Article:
I need more than 140-characters to tell you about my love-hate relationship with Twitter.
My account is a few years old. Mostly I use the popular social networking site to share links to news items I find interesting, or memes and cartoons I think are funny. Every now and then I browse reactions to major events from across the U.S. and around the world. One time I even got into a back-and-forth with some jihadists about whether Israel is a villainous aggressor or not, but that’s a story for another day.
When it comes time to communicate my own ideas, I experience mixed emotions about tweeting. Twitter seems woefully inadequate to me; its 140-characters or less limitation suffocates my mind. My thoughts on just about any given topic don’t fit neatly into that small space Twitter confines me to. My thoughts are more likely to come in 1,400 words or more.
When reading the words of Elihu in Job 32:17-22, I feel as though I’m meeting a kindred spirit.
I also will answer with my share;
I also will declare my opinion.
For I am full of words;
the spirit within me constrains me.
Behold, my belly is like wine that has no vent;
like new wineskins ready to burst.
I must speak, that I may find relief;
I must open my lips and answer.
I will not show partiality to any man
or use flattery toward any person.
For I do not know how to flatter,
else my Maker would soon take me away.
Truly, I empathize with and admire Elihu for what he says here and in the rest of Job, so much so that my wife and I named our second son after him!
And yet most people on the internet are not like Elihu and me, in my experience. Most people seem quite contented with 140-characters or less on Twitter, or maybe just a little more than that on Facebook. And that’s fine!
For example, my wife loves putting things succinctly, and I love her. Sometimes I love her despite her preference for compact statements, like when she gives a very simple answer in her soft-spoken directness to what I feel is a very complicated question. But I have learned in our almost 9 years of marriage to appreciate more often than not the way my wife balances me out. Her communication habits remind me of other passages from the Scriptures like,
When words are many, transgression is not lacking,
but whoever restrains his lips is prudent.
A word fitly spoken
is like apples of gold in a setting of silver.
Like a gold ring or an ornament of gold
is a wise reprover to a listening ear.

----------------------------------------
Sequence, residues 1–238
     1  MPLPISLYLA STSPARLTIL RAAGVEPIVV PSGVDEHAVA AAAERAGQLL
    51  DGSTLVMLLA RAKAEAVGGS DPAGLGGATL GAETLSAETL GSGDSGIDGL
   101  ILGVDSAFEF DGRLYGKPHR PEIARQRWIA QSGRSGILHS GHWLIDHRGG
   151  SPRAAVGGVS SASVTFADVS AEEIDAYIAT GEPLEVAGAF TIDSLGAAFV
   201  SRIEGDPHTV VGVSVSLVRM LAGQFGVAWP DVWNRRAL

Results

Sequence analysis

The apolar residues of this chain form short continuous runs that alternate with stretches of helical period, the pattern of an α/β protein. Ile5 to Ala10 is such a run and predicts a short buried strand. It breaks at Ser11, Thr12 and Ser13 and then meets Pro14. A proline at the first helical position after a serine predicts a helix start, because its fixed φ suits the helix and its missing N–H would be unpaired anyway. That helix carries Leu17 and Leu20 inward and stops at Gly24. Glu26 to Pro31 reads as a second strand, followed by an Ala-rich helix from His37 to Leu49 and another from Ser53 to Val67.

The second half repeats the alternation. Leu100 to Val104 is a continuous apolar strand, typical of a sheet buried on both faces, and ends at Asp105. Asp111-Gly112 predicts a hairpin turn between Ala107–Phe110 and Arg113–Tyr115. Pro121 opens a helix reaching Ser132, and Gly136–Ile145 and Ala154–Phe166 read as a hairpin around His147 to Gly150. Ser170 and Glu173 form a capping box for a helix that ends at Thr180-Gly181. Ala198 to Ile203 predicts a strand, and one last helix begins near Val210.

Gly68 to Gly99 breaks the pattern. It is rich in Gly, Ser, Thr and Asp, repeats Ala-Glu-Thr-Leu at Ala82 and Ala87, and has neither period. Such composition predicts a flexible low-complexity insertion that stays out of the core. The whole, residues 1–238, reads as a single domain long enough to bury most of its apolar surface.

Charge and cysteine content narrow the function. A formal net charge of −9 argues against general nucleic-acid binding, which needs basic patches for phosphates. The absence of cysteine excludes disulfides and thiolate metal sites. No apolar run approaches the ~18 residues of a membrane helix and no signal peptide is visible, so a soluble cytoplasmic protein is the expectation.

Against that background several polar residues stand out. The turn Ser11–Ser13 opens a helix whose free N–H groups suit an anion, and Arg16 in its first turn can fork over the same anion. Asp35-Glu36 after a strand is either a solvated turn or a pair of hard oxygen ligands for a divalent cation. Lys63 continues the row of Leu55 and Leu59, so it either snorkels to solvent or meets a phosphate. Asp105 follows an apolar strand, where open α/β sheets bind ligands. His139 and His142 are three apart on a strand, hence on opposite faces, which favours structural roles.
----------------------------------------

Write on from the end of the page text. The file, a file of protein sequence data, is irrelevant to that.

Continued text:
How valuable others will find what you have to say depends on the quality of your statements – whether what you tell them is clear, good, true, and timely. But there’s also a certain supply and demand aspect to communication, and my wife is a master of it, whether she realizes that or not. She doesn’t flood the market, as it were, with a lot of extra nonsense filler, and people as a result seem to value her comments, and take them in with greater enjoyment. I know I certainly do.
In economics, when demand is higher relative to supply, maintaining a steady supply preserves value and ensures a certain stability of demand, guards against demand dropping off, and may even facilitate an increase in demand as something inherently desirable is regarded as also special and exclusive. Flooding the market, even with an important and essential commodity, is a sure way to cheapen what you’re selling.
But people are different. As much as I cherish my wife for being who she is, the simple truth is that she and I are different people and, as such, have been blessed by God with different personalities, tendencies, talents, and gifts.
It’s typical for me to write something – an email, an essay, etc. – and have my wife read over it to tell me what she thinks. Routinely she helps me take what I said in a paragraph or two and condense it down to a short sentence or two. She would excel at Twitter except that it’s probably too public for her taste.
On the flip-side, I was pretty good in high school and college at helping Lauren with her writing assignments. Where she was naturally inclined to write a sentence or two but needed to turn in an essay at or above her professor’s requirement of 1,000 or 1,500 words or so many pages, I had a knack for helping her expand on a statement and turn her couple of sentences into three or four paragraphs.
Among many other things, that is part of the beauty of God having put my wife and me together – we balance one another out. As Cervantes wrote in Don Quixote,
“There must be all sorts in the world.”
Perhaps Twitter can serve as a blessing in disguise for folks like me, at least insomuch as it helps us to learn how to restrain our words. I could go on, but unfortunately anymore of a full summary of my ongoing struggle with Twitter specifically and brevity in general would be a case-in-point of said struggle, and would tip you off to how I’m fairing. So I will spare both you and myself from that, and will leave you with one last passage of Scripture on the topic as I attempt to adhere to it.
Whoever restrains his words has knowledge,
and he who has a cool spirit is a man of understanding.